Abbotsford, Stratford school districts see spike in student enro - WAOW - Newsline 9, Wausau News, Weather, Sports

Abbotsford, Stratford school districts see spike in student enrollment

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Some rural central Wisconsin schools have to decide what to do about increasing enrollment.

More students mean greater costs, and state funding might not be able to keep pace.

Districts such as Abbotsford and Stratford are experiencing the growth.

Enrolling more students has its benefits, but it also raises budget concerns.

The Stratford School District has seen steady growth. There's been about a 19% increase in enrollment in the last ten years.

In Abbotsford, there's even more.

"Since we opened up the new building in 2009, we've actually seen a 15% increase in student population," said Reed Welsh, the Abbotsford superintendent.

Abbotsford district leaders attribute the rise to the Hispanic demographic, saying Abbotsford has become a community that many Hispanic families are interested in moving to.

These superintendents take pride in their schools attracting more families.

"It's good for our community. There's more involvement in the community," said Scott Winch, Stratford's superintendent.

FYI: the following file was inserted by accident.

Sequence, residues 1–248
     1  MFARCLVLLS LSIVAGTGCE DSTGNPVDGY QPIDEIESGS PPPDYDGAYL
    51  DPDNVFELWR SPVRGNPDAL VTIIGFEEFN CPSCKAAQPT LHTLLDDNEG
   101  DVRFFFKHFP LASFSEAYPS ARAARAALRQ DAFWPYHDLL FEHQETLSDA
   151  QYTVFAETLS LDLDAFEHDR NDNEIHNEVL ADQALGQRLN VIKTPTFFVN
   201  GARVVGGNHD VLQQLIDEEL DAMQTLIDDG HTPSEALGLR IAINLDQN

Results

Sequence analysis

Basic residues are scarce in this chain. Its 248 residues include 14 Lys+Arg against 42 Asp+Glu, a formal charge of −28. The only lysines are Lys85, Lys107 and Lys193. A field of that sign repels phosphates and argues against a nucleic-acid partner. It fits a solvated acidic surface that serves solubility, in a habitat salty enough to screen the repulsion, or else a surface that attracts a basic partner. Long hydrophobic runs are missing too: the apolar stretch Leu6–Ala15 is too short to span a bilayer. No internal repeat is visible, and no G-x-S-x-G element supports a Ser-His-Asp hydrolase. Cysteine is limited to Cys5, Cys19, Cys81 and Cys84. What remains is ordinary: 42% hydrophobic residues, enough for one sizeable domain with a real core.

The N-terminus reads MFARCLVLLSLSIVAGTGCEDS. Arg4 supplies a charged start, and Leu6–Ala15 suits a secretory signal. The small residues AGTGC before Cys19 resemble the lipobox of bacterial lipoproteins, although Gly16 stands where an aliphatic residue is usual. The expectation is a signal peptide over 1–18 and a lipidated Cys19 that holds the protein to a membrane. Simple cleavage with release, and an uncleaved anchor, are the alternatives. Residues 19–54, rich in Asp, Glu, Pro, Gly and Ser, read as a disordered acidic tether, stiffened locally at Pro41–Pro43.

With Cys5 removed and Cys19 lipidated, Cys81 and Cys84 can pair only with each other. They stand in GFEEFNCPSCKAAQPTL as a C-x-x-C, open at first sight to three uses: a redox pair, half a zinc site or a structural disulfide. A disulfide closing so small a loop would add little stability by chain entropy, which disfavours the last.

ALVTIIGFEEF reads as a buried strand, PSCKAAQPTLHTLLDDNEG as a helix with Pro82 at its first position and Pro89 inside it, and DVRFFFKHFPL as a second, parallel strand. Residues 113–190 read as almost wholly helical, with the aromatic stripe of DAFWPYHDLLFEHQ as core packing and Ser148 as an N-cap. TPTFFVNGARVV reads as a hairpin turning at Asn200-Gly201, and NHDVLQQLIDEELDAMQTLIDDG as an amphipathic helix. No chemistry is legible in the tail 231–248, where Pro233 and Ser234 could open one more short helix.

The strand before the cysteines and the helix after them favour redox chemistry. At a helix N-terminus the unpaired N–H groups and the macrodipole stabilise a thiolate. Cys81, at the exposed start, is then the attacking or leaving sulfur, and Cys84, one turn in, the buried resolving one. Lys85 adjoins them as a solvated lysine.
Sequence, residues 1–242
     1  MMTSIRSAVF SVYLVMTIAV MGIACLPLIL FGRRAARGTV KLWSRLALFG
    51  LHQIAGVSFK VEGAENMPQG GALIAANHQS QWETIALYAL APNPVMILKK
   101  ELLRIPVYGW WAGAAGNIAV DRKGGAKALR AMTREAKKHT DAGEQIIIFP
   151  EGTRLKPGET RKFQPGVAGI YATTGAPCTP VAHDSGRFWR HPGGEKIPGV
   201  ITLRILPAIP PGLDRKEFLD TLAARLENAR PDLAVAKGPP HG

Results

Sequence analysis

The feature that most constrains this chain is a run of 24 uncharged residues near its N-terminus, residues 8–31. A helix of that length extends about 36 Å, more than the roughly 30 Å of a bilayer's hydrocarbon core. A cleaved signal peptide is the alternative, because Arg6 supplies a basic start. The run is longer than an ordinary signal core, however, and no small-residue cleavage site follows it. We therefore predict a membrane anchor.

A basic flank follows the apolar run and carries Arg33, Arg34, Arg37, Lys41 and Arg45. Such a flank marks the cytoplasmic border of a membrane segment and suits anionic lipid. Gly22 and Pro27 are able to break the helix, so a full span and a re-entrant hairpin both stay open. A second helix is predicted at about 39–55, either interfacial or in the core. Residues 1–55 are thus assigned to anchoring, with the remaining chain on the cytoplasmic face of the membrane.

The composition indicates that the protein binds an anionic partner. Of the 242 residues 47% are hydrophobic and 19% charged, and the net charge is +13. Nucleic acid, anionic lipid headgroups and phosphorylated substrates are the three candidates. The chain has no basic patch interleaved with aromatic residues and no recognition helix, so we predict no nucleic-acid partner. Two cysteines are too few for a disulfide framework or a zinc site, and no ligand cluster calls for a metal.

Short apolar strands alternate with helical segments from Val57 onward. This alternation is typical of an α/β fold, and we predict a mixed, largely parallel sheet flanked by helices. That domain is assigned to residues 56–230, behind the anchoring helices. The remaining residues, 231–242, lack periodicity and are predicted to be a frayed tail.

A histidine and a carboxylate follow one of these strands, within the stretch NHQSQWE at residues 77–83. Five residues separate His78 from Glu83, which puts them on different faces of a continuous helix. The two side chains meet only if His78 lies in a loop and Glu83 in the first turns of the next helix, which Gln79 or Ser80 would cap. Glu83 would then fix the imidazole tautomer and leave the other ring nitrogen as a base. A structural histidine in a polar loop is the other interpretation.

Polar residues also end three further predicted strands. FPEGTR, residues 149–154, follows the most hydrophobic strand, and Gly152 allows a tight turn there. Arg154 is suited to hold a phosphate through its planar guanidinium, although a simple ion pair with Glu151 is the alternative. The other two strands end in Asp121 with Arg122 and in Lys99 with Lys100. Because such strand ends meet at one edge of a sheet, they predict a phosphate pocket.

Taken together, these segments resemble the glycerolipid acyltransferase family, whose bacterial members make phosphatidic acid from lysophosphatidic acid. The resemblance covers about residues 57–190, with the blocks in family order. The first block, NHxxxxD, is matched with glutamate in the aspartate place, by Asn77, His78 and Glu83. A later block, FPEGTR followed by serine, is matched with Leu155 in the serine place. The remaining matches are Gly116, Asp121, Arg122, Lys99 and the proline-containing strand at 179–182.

Welsh agrees.

"Our staff doesn't look at the challenges or roadblocks. They see it as an opportunity to provide a great education," he said.

They're also mindful of what it takes to properly educate each student.

"We're going to have to address some space issues and probably some staffing issues too," Welsh said.

Winch has the goal of hiring one teacher each of the next 3 or 4 years.

That money has to come from somewhere though. District leaders say the state gives them some money, but that aid has not increased with the amount of increased enrollment.

If these districts can't depend on the state like they're used to, it could become a problem.

"That gap keeps widening and the taxpayer ends up picking up the difference," said Welsh.

These school districts don't face a budget emergency yet, but they say it's time to tackle the issue now, before it becomes a problem.

The superintendents say they're ready to start long-term planning to deal with the additional students and to make sure they can pay for them.
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